AMC has ‘substantial doubt’ it can survive coronavirus shutdown

“Theater Closed” signs are posted in front of the AMC Montebello, as the US chain of AMC movie theaters closes for 6 to 12 weeks, On March 17, 2020 in Montebello, California, as the coronavirus (covid-19) epidemic leads to restaurant and school closures and workers working from home in an effort to encourage social distancing.

Frederic J. Brown | AFP | Getty Images

The world’s largest movie theater chain said Wednesday it has “substantial doubt” it can remain in business after shuttering all of its locations during the coronavirus pandemic.

In April, AMC Theaters said a new debt offering would allow the company to withstand these closures until a partial reopening ahead of Thanksgiving. However, in a filing with the Securities and Exchange Commission the company disclosed concerns about liquidity, its ability to generate revenue and the timeline of reopening its theaters.

In that filing, AMC released preliminary earnings results. The theater chain expects to have lost $2.1 billion to $2.4 billion in the first quarter ended March 31. It will release its earnings on Tuesday.

AMC also revealed that its revenue had fallen $941.5 million, a nearly 22% drop from the $1.2 billion it garnered in the same quarter last year. The second quarter is expected to be even worse.

“We are generating effectively no revenue,” the company said in its filing.

As of April 30, the company said that it had a cash balance of $718.3 million.

Despite the announcement, AMC’s stock was up more than 5% Wednesday.

AMC had previously sought to conserve cash by furloughing its in-theater employees, halting its operations through June and suspending its dividend payments and share repurchases. The company also has been working with landlords to defer rent payments and has cut the salaries of its corporate level employees.

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However, as it seeks to reopen its theaters this summer, it has had to ramp up its cash spending. While AMC believes it has enough of a cash reserve to resume operations this summer, or perhaps a little later, its liquidity after that point remains in question.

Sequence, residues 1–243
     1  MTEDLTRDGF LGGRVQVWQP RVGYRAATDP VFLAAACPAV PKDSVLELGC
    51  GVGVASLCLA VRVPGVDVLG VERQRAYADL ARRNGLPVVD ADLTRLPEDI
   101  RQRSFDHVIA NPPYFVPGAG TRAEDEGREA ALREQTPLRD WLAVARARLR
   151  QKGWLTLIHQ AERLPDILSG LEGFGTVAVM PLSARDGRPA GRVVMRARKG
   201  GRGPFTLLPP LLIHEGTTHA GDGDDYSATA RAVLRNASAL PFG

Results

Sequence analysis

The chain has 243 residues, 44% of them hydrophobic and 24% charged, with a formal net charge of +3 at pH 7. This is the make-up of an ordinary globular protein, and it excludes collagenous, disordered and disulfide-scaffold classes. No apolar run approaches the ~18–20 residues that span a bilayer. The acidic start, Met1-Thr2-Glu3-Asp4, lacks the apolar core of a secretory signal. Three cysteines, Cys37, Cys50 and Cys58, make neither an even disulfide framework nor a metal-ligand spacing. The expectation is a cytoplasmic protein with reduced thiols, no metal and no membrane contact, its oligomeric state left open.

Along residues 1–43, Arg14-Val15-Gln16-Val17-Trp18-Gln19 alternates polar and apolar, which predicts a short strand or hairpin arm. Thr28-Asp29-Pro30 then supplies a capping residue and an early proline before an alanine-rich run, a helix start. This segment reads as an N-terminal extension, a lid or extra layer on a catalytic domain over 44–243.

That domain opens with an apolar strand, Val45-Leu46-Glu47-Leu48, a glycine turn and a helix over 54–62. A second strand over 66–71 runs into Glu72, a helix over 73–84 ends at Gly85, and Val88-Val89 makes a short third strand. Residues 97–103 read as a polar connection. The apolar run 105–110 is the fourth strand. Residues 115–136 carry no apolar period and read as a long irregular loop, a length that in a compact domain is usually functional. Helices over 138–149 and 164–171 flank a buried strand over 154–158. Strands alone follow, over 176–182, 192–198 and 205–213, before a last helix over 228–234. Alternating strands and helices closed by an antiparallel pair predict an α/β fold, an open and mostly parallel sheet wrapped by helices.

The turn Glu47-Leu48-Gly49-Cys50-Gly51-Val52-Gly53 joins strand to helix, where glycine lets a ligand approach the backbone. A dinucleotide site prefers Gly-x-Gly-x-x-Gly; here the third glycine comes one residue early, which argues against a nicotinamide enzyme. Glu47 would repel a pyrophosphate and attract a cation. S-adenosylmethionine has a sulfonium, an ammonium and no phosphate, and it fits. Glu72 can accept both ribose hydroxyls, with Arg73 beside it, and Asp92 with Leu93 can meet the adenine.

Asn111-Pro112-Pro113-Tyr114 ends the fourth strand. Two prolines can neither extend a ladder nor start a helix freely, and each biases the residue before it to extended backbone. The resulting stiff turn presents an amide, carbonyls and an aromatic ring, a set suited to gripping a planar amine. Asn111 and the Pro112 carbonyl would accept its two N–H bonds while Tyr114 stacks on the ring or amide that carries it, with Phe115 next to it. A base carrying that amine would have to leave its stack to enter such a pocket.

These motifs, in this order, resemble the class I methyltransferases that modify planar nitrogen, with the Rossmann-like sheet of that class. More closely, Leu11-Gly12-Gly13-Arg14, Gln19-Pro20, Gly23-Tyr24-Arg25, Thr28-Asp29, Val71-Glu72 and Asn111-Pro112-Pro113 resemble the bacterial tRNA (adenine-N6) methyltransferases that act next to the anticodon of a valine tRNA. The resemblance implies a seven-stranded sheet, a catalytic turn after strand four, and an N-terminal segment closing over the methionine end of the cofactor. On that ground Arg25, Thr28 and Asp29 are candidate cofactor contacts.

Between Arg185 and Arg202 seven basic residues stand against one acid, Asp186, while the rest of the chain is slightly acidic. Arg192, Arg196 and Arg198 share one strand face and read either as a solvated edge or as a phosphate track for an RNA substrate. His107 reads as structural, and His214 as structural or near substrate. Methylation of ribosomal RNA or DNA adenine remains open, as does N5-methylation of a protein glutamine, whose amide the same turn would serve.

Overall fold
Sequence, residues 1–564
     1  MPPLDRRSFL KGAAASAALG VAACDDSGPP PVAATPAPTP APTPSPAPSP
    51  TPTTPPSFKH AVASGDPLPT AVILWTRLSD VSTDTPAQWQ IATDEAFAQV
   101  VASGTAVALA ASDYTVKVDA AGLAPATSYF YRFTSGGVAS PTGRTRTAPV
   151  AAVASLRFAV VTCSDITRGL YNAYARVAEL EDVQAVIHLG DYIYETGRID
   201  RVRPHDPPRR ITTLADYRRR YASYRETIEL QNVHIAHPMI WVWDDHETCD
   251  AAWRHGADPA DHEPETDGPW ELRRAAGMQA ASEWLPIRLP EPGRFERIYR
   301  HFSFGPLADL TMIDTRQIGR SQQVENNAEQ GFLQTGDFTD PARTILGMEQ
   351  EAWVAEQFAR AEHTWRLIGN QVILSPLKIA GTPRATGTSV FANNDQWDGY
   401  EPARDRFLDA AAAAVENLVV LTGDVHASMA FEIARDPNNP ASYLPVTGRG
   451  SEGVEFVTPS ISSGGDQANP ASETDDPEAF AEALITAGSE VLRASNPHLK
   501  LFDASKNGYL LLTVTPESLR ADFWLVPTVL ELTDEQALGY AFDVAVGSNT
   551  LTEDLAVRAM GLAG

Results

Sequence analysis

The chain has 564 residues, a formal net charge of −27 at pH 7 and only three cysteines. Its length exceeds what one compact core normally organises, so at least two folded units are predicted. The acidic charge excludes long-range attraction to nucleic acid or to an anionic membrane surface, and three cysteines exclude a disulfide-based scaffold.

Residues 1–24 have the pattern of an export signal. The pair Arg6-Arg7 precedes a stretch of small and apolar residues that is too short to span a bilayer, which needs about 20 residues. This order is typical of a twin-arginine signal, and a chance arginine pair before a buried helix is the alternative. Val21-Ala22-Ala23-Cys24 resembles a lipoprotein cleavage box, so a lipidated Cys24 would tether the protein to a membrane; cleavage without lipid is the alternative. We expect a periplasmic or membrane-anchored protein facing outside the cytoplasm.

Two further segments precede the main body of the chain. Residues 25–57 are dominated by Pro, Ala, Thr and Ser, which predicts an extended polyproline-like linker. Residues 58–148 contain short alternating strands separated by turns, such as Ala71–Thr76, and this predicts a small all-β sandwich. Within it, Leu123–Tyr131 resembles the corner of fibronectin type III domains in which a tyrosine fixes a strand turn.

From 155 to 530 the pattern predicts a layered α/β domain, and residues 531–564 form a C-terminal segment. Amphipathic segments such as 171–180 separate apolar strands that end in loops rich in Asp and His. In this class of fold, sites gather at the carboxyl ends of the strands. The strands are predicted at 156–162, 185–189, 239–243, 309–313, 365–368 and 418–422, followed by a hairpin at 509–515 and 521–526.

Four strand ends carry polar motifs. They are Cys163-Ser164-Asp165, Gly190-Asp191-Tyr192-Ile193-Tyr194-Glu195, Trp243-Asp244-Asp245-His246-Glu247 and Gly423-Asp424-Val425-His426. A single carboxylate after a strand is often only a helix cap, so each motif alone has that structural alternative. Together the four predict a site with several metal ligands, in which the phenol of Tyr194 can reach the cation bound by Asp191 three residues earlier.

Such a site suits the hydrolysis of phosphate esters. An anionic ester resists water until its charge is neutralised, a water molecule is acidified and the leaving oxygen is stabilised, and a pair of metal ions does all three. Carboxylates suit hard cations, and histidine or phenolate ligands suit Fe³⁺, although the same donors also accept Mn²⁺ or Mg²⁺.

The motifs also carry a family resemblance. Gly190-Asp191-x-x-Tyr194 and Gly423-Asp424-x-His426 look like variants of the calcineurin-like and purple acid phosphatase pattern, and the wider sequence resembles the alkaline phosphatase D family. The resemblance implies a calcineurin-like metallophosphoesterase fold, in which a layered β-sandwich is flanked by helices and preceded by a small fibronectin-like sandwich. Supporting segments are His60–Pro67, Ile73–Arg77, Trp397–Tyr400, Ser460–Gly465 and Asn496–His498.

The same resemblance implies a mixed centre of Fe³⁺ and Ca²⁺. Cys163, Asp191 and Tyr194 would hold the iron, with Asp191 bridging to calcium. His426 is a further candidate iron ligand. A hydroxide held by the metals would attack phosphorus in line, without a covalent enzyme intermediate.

“We cannot assure you that our assumptions used to estimate our liquidity requirements will be correct because we have never previously experienced a complete cessation of our operations, and as a consequence, our ability to be predictive is uncertain,” the company said. “If we do not recommence operations within our estimated timeline, we will require additional capital and may also require additional financing if, for example, our operations do not generate the expected revenues or a recurrence of COVID-19 were to cause another suspension of operations.”

“Due to these factors, substantial doubt exists about our ability to continue as a going concern for a reasonable period of time,” it said.

AMC said distributors may continue to push back new film releases either due to coronavirus restrictions on public gatherings or because of production delays. Then there is the possibility that some studios will begin offering audiences more movies on-demand or through streaming.

AMC had a public dispute with Universal in April over distributors’ decision to release “Trolls World Tour” in theaters and on-demand on the same day. 

After taking a victory lap in the press over the digital success of “Trolls World Tour,” NBCUniversal CEO Jeff Shell suggested the studio could start to do more simultaneous releases, even after theaters reopen. That statement led AMC to say it would no longer showcase Universal films in its theaters.

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This is a breaking news story. Please check back for updates.

Disclosure: Comcast is the parent company of NBCUniversal and CNBC.